average gained 69 points to close at 26797. The Nasdaq fell 13 points and the S&P 500
added two. Still to come on the “NewsHour”: the psychological
trauma of separating children from their families at the border; Mark Shields and David Brooks
break down the week’s news, including funding decisions for the border wall and Democrats’
plans to address climate change; inside the new wing of the Kennedy Center for the Performing
Arts; and much more.

News Wrap: Italy’s far-right party shut out from power

JUDY WOODRUFF: In the day’s other news: Tropical
Storm Fernand has come ashore in Northeastern Mexico, and is now moving inland. It struck a sparsely populated area north
of La Pesca today with winds of 40 miles an hour and 18 inches of rain. Forecasters said that it will stay south of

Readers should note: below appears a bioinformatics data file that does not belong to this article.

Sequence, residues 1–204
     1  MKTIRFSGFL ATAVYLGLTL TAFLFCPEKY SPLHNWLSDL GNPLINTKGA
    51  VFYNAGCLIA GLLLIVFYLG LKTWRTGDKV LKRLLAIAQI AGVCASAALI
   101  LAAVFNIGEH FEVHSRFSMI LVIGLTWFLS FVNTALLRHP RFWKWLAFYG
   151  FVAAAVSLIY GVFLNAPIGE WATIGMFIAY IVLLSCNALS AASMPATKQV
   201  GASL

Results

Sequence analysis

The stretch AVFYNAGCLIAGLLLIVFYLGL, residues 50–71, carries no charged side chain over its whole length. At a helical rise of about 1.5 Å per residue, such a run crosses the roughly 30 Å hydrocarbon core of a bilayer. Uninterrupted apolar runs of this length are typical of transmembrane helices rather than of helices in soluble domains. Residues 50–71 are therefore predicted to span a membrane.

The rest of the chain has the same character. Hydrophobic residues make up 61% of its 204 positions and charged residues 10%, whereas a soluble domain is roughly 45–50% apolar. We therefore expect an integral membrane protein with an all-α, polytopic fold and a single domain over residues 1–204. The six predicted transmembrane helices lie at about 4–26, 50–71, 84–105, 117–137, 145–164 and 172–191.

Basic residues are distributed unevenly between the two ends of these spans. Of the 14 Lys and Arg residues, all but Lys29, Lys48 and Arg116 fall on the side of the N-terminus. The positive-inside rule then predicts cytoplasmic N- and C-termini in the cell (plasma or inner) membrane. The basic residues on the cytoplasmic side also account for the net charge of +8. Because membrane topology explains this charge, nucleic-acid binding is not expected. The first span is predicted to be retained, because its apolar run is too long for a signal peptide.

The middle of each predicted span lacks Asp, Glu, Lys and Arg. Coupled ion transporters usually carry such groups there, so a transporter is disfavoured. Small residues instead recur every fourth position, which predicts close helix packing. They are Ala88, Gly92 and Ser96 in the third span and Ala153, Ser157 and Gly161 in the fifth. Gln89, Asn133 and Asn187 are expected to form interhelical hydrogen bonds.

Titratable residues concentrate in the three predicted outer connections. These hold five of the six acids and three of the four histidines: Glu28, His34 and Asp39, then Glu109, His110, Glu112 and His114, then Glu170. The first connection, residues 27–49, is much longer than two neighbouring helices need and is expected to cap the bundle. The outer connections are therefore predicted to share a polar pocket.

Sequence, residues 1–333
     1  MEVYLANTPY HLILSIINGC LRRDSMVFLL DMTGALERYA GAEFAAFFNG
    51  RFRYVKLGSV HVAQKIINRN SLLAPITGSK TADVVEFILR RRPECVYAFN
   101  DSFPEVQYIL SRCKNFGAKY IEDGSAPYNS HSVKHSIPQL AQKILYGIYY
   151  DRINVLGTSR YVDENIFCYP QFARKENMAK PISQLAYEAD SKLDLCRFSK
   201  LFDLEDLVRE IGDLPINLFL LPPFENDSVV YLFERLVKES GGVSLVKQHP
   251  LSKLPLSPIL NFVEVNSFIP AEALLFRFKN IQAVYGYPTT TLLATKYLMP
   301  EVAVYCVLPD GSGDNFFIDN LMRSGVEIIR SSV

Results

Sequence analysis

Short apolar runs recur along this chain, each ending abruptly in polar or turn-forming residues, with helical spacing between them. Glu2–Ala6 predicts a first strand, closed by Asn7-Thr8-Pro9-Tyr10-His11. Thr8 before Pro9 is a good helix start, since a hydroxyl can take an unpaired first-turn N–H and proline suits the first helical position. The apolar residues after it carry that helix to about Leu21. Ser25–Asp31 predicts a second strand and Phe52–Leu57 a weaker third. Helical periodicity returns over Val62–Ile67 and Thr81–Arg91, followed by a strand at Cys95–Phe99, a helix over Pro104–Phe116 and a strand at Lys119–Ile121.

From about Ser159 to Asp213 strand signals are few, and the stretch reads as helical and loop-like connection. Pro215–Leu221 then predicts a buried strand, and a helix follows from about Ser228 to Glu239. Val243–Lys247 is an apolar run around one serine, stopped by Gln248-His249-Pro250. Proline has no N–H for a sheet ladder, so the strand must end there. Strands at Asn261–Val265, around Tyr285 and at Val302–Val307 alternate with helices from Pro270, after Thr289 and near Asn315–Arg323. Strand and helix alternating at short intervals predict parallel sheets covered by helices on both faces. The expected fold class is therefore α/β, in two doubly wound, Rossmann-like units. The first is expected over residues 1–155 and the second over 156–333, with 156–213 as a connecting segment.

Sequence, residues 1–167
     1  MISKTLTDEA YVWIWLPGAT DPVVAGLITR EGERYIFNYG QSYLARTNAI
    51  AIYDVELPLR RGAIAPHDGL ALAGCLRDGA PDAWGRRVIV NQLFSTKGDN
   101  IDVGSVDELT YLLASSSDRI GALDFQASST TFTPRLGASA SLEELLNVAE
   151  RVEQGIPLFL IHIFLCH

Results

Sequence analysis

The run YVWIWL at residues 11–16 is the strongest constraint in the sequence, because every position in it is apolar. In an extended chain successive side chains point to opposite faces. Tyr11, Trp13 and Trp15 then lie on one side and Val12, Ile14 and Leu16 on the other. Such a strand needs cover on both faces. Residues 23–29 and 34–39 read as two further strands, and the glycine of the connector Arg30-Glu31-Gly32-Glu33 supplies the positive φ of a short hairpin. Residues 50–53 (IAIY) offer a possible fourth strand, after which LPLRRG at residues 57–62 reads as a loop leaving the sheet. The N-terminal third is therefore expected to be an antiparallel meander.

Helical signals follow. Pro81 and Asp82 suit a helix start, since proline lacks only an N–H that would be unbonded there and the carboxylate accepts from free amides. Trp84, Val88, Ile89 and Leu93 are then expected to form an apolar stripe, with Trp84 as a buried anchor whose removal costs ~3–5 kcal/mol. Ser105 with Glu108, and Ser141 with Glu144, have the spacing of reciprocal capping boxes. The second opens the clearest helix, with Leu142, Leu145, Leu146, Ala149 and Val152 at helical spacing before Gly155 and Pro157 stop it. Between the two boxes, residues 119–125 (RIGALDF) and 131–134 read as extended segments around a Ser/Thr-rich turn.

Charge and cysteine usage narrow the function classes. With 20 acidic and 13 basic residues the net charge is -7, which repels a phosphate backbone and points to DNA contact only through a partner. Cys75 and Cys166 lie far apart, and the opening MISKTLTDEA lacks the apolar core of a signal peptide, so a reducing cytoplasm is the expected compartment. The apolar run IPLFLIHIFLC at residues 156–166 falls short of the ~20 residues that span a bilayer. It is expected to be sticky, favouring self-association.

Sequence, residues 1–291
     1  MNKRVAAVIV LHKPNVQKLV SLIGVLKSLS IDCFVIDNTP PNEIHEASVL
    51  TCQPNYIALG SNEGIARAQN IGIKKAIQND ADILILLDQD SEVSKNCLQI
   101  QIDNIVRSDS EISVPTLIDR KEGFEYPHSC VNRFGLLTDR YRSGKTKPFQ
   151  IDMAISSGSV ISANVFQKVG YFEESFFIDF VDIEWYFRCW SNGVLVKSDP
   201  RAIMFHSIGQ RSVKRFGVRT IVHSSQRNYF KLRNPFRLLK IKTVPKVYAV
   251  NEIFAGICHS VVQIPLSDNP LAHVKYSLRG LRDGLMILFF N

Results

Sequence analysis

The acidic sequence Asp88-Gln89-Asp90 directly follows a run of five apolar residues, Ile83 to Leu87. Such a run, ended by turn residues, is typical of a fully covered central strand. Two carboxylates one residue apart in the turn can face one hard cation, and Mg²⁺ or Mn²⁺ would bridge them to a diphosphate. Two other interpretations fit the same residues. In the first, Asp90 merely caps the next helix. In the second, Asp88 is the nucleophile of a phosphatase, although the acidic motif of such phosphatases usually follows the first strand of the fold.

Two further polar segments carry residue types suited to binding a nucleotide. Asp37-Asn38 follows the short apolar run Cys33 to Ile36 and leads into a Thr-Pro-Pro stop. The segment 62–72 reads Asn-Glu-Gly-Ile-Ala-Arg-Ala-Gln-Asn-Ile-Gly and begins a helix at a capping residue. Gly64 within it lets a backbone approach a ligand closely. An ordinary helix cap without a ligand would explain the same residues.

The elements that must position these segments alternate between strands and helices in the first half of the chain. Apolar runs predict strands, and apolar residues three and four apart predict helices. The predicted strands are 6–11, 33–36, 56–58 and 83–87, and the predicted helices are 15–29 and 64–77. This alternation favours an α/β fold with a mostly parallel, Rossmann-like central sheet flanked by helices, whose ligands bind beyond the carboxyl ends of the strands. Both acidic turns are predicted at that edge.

the Texas border and dissipate by tomorrow. In Britain, lawmakers have dealt Prime Minister
Boris Johnson a stinging blow over Brexit. The House of Commons voted today to block
the country from leaving the European Union without a formal agreement. In turn, Johnson is warning that he will call
a snap election for mid-October, two weeks before the Brexit deadline. We will have a report from London right after
the news summary. In Italy, Premier Giuseppe Conte unveiled
a new governing coalition that shuts the hard-right League Party out of power. Conte met with the Italian president to present
his cabinet. It unites his populist Five Star Movement
with the center-left Democratic Party. Conte’s original coalition collapsed when
the League Party withdrew, in a failed bid to force new elections. The government of Afghanistan voiced new concerns
today about a potential peace deal between the U.S. and the Taliban. An adviser to President Ashraf Ghani cautioned